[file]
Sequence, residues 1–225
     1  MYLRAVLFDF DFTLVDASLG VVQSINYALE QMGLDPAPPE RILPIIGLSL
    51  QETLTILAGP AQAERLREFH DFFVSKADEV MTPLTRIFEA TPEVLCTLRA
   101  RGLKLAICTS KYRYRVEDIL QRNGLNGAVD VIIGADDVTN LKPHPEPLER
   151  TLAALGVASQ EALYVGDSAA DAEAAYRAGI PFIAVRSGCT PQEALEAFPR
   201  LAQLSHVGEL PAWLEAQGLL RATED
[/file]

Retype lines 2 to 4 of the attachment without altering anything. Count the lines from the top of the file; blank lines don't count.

     1  MYLRAVLFDF DFTLVDASLG VVQSINYALE QMGLDPAPPE RILPIIGLSL
    51  QETLTILAGP AQAERLREFH DFFVSKADEV MTPLTRIFEA TPEVLCTLRA
   101  RGLKLAICTS KYRYRVEDIL QRNGLNGAVD VIIGADDVTN LKPHPEPLER